- Treat – Select products based on the severity of your acne, preferably ones that don’t dehydrate the skin. You may consider prescription antibiotics and retinoids to treat your acne. Just apply sunscreen liberally when using retinoids, as they can increase your skin’s vulnerability to damaging UV rays.
- If you have mild acne, you get over-the-counter acne treatment. However, hormonal imbalance may cause severe acne such as cystic bumps, which topical solutions aren’t usually effective on. In such cases, you might need to consider oral medications, but make sure to consult with a professional before taking any oral treatments. If your acne persists despite your efforts, consult with your dermatologist.
For any skincare product, apply pea-sized amounts to your skin to prevent dehydration. Using too much product, even the right ones, can do more harm than good.
Also, take note that you need to be patient with your skincare routine. You can’t expect to see results overnight. It usually takes about 8 to 10 weeks for your regimen to show its full effects. Thus, unless your skin feels inflamed or irritated from your routine, stop switching up products every few days or so. Give your routine enough time to alleviate your acne breakout.
Eat healthy, well-balanced meals
Aside from doing your skincare regimen religiously, you may also be able to keep your skin healthy and acne-free skin by eating nutritious and well-balanced meals and minimizing consumption of food that might aggravate your acne. While you don’t have to give up these foods entirely, it’s always best to eat them in moderation.
- Dairy – Minimize your intake of dairy, whether it’s milk, cheese, or ice cream. As it is packed with artificial hormones, it may further throw off your body’s fluctuating hormone levels during menopause and contribute to future breakouts.
- High glycemic food – Avoid food that’s high on the glycemic index. This is usually starchy or sugary food such as white bread, rice, and potatoes.
- Some studies have shown that people who suffer from acne tend to have diets that are richer in carbohydrates compared to those without acne. The latter also had lower IGF-1, which is a chemical commonly associated with acne development.
- Fried food – As you might already know, fried food isn’t good for your skin or your overall health. Vegetable oil can be highly reactive and oxidative when superheated. It can bring free radicals into your body. These free radicals act as toxins that make your cells age faster. Thus, aside from potentially causing flare-ups, fried food can make the signs of aging more visible.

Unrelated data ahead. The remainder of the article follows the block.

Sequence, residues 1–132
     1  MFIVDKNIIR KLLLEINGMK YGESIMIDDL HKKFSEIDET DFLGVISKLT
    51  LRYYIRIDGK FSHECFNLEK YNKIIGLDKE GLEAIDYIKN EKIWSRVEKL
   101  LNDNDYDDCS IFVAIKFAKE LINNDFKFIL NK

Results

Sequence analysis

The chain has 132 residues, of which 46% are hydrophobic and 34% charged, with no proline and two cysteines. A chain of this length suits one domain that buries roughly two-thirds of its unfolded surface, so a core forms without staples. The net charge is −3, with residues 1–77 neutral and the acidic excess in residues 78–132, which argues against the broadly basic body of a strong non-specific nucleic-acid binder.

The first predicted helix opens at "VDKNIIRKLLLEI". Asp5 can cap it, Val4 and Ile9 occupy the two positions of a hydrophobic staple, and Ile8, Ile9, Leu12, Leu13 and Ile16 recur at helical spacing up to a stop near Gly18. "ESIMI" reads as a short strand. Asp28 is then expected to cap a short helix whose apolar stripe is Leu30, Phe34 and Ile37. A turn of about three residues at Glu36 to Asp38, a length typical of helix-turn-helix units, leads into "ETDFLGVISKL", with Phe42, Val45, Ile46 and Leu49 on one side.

- Alcohol – Alcohol can further dry out your skin and make its natural defenses even more vulnerable to environmental factors. Aside from triggering breakouts, excessive alcohol consumption can also make the signs of aging more evident. It reduces your body’s vitamin A supply, which is crucial to the regeneration of new cells. This can further lead to dehydration, loss of collagen, and redness. Limit your alcohol intake if you’re trying to keep your acne at bay. Your skin is no longer as supple and as hydrated as it used to be.
So, what else can you do to prevent acne during menopause?
If you’re feeling stressed or tense about menopause, try engaging in regular exercise. Go for morning jogs or walks around the neighborhood. Regular aerobic exercises, even for just a few minutes a day, can help alleviate stress, which can impact your skin’s health. Exercising can improve your mood, promote feelings of relaxation, and promote skin health. It boosts collagen production and increases the rate of cell turnover. It also promotes blood circulation by carrying oxygen and nutrients to all the organs, including the skin, giving you a post-workout glow.
Of course, after a good workout, remember to take care of your skin. Otherwise, the heat and sweat from exercise might cause irritation. Don’t forget to immediately take a shower or to change into clean clothes right after. Stay in your sports clothes or sweatshirts might trigger acne breakouts or make your skin feel itchy. Get all the sweat and grime off using a gentle cleanser.
The prevalence of acne in your adult life, especially during menopause, can be affected by your skincare habits and your lifestyle. Although menopausal acne is temporary, the sudden physical changes can be both overwhelming and distressing for many women.
If you’re already experiencing these changes, try not stressing over acne, as this would only aggravate the problem. Keep in mind that menopausal acne is normal and there are plenty of ways through which you can prevent, treat, or manage flare-ups. Maintaining good hygiene, getting the best products for acne, and embracing healthy lifestyle habits can help keep your skin clear and healthy.